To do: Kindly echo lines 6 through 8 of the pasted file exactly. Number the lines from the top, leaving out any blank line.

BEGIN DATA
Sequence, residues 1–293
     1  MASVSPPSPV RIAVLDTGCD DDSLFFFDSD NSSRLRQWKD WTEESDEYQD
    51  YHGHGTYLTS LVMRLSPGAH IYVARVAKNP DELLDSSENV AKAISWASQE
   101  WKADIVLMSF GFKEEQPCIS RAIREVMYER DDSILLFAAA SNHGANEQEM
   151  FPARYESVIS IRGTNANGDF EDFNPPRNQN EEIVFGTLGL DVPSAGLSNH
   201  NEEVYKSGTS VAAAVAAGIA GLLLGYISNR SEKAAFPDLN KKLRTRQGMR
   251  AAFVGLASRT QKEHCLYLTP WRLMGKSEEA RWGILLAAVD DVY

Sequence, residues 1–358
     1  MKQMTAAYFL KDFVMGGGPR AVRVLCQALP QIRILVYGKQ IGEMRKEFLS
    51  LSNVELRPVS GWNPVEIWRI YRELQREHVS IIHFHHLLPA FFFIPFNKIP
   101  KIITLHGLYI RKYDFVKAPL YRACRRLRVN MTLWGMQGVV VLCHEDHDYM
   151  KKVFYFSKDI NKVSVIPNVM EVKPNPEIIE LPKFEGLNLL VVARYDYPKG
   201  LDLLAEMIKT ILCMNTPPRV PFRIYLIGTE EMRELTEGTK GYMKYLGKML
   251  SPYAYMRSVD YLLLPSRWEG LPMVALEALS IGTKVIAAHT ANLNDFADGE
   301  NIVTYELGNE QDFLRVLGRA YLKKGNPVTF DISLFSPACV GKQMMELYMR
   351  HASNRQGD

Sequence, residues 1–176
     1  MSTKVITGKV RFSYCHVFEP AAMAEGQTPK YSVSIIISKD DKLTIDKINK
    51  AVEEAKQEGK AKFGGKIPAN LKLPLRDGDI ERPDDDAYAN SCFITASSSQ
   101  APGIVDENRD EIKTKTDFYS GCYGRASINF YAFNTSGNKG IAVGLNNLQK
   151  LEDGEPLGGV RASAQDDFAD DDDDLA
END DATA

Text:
   201  NEEVYKSGTS VAAAVAAGIA GLLLGYISNR SEKAAFPDLN KKLRTRQGMR
   251  AAFVGLASRT QKEHCLYLTP WRLMGKSEEA RWGILLAAVD DVY

Sequence, residues 1–358